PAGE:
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Re: Consumer Reaction To Digi-Projection

Christopher Bacon wrote:
> 3.  The latest trend in film projection is unitized, all-enclosed machines
> instead of open ones with separate platters.  These tend to keep the film a lot
> cleaner and in better condition, since it is not out in the open any more.
> Kodak is making great strides in film technology, and there is no reason to
> think that they've come to the end of the road on future development.  Not to
> mention the fact that Technicolor is working on reviving the IB dye film
> printing process.  Better film and projectors might make electronic projection
> less competitive than it appears now.

Sorry to reply to this so late, my TIG e-mails were getting tucked away
somewhere in my computer, and I have only now found the last three
months worth.

Film projection is horrendous, and not likely to get any better. Maybe
if theaters would at least clean the glass that might help. The platter
system allows you not to have reel changes, eliminating one
projectionist, and one projector ( Gee louie, now that we only need one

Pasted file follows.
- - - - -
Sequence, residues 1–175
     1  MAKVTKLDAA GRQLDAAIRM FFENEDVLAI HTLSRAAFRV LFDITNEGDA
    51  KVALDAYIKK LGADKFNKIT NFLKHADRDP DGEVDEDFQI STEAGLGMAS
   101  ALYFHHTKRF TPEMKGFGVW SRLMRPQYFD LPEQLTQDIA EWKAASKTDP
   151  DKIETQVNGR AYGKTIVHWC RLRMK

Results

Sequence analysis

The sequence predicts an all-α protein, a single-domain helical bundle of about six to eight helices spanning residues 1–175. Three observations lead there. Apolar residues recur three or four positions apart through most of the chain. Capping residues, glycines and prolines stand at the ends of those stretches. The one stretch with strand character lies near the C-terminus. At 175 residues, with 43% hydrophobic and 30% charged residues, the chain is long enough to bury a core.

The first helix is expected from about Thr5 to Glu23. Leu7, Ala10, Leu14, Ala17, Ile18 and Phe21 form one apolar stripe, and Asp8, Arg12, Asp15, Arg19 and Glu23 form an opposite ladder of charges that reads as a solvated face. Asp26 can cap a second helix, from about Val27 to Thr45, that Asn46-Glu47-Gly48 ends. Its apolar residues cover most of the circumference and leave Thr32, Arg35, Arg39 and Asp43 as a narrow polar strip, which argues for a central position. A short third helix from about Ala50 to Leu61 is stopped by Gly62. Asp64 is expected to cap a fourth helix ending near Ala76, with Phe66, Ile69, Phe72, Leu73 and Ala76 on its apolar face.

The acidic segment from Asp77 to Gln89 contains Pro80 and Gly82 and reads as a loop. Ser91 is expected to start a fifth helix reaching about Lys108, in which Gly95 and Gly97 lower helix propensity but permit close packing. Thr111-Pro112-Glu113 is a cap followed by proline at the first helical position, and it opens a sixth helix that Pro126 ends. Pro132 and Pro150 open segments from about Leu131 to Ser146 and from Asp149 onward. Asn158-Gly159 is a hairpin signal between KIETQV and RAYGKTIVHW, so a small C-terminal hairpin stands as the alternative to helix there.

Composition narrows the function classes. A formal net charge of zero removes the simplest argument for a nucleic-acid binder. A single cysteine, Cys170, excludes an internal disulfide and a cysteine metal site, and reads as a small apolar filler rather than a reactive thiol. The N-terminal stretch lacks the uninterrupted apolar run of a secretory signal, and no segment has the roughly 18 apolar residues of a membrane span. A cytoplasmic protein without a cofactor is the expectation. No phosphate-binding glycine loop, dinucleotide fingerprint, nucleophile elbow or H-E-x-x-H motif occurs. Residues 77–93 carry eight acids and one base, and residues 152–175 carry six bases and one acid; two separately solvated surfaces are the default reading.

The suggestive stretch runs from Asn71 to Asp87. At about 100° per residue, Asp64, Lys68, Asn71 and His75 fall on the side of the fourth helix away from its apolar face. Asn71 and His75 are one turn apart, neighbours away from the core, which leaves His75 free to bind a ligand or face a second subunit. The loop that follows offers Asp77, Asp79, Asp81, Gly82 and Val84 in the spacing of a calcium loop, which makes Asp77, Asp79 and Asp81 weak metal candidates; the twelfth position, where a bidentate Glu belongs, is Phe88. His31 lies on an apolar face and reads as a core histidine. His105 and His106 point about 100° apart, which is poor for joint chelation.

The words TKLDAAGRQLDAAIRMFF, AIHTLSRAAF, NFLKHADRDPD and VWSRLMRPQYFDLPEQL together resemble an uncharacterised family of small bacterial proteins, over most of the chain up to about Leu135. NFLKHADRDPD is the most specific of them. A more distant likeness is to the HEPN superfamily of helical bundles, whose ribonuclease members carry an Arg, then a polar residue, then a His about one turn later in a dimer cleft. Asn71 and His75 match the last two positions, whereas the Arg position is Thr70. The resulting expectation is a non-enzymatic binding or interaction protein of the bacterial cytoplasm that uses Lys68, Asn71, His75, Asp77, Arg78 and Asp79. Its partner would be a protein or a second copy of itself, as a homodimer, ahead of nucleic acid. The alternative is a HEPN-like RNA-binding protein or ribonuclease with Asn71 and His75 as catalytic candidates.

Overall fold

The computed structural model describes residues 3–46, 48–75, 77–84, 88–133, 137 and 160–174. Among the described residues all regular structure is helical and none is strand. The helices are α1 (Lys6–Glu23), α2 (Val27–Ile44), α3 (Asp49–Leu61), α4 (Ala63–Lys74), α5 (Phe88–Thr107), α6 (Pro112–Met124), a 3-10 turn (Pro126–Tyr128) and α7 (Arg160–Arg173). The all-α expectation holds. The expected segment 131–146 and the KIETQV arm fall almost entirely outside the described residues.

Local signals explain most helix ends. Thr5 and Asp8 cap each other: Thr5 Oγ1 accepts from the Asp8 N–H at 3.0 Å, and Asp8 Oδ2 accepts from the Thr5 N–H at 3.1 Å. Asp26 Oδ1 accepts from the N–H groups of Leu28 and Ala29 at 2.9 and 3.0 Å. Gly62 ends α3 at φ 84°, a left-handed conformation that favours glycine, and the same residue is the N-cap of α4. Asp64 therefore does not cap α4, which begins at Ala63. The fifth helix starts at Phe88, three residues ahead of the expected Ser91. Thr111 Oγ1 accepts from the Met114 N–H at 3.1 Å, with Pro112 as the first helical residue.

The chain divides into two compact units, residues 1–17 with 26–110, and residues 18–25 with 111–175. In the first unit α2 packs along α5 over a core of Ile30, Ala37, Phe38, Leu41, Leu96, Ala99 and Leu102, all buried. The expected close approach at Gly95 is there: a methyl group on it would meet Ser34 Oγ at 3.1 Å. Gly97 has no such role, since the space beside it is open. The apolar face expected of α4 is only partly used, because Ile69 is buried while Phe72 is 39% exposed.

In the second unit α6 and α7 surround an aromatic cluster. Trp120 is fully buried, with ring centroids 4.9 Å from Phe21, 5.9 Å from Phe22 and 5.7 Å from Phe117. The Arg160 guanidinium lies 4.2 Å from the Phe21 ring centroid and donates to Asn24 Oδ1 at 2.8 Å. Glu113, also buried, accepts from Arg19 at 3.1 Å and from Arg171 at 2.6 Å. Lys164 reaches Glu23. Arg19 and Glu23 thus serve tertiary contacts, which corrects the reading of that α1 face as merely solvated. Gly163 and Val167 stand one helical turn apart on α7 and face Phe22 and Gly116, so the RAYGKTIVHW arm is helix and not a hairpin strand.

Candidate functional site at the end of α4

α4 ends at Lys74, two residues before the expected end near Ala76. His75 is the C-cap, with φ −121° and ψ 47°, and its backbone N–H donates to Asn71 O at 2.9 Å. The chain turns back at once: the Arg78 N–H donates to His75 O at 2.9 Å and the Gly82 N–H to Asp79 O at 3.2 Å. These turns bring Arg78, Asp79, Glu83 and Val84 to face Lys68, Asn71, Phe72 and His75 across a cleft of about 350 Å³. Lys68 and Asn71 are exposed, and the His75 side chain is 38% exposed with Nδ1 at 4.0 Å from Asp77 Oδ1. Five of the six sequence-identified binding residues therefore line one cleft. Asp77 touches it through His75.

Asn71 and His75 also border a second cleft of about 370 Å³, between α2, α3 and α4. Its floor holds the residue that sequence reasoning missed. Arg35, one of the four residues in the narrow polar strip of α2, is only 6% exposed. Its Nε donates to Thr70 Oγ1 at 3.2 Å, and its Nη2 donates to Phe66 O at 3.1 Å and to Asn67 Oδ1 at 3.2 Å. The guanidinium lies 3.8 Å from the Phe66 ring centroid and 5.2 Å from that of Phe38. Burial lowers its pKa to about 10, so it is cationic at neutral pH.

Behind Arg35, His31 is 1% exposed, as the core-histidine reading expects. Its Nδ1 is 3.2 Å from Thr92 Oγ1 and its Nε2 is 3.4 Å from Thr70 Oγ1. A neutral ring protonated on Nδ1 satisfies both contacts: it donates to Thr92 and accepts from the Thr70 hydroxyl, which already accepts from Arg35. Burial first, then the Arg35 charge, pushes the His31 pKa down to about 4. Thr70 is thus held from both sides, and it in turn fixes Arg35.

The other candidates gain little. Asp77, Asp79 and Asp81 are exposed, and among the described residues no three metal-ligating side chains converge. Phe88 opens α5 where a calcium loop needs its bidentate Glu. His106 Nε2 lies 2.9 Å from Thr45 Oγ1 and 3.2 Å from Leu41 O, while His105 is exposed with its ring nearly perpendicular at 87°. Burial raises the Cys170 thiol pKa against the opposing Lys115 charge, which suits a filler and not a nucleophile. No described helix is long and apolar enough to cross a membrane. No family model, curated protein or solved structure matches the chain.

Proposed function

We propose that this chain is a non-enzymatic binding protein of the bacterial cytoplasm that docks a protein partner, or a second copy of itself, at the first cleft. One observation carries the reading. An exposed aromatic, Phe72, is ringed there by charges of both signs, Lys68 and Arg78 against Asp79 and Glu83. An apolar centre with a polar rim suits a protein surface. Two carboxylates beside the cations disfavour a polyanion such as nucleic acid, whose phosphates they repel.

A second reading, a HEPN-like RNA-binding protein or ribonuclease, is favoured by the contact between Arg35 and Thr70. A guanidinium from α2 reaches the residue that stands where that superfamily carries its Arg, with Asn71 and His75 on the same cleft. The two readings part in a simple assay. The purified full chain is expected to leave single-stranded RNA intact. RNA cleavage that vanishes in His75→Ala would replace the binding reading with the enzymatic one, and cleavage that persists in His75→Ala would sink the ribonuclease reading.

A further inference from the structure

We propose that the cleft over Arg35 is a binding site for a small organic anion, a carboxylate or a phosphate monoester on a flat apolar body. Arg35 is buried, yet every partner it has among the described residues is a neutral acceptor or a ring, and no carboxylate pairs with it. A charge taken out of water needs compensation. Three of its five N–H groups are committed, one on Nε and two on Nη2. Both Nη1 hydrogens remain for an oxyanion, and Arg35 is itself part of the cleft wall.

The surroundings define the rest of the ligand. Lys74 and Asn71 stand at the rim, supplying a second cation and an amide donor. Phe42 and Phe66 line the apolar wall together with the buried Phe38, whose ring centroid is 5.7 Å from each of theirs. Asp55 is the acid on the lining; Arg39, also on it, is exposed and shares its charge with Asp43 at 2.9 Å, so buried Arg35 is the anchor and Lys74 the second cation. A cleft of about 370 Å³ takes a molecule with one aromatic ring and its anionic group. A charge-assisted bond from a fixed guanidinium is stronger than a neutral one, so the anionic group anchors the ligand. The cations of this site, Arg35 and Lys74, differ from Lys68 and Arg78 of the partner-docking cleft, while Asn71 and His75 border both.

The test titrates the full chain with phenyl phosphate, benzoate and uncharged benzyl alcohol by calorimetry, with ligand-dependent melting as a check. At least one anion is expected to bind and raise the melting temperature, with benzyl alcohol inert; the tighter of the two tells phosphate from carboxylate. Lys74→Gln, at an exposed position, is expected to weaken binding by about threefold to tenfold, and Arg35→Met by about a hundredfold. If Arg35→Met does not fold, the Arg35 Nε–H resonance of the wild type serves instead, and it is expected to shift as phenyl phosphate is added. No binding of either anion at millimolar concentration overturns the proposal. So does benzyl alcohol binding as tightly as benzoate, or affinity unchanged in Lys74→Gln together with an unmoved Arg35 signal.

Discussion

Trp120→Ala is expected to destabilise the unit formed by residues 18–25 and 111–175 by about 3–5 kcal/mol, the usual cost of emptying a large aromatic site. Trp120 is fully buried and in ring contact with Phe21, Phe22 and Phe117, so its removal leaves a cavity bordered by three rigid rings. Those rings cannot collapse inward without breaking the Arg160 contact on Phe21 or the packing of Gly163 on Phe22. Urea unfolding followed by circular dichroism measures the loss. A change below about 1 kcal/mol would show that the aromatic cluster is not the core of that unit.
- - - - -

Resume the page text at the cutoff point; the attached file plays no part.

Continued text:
projector what should we do with this other one. I know, lets cut the
theater in half and show two movies). The one projectionist now needs to
run back and forth between projection booths. Of course new film
emporiums are designed with one central Projection Room that services
all the screens. The other advantage of the platter system is that one
print can now be used in more than one projector fairly easily. OF
course it doesn't get cleaned properly because it takes time for all the
cleaning chemicals to leach out, so the print deteriorates rapidly. Now
Kodak is I'm sure doing it's best to make it's print stock stronger and
more durable, however. Like it or not, Digital projection is going to be
big. The studios will be the only ones able to afford to buy the
projectors, I'm sure they will be happy to supply them to the
Exhibitionist for a bigger portion of the gate. Theaters really don't
make money off of the movie anyway, it's the concessions that make them
money. So what do they care. If they can get free projectors, and
advertise "DIGITAL PICTURE QUALITY" and bring in more people to buy more
overpriced popcorn, soda, and whatever they are selling now - pizza
believe it or not. Theater owners would be fools not to embrace digital projection.
It doesn't matter if it is good, as good, or better. If people will come
watch it, theaters will project it. The studios will recoup their
investment in the projectors inside of two years in savings on Prints,
and shipping.

Steven Gladstone
Cinematographer - DiSTONE Productions. No affiliation with any equipment manufacturers.

Thanks to VAS Group for support in 1999
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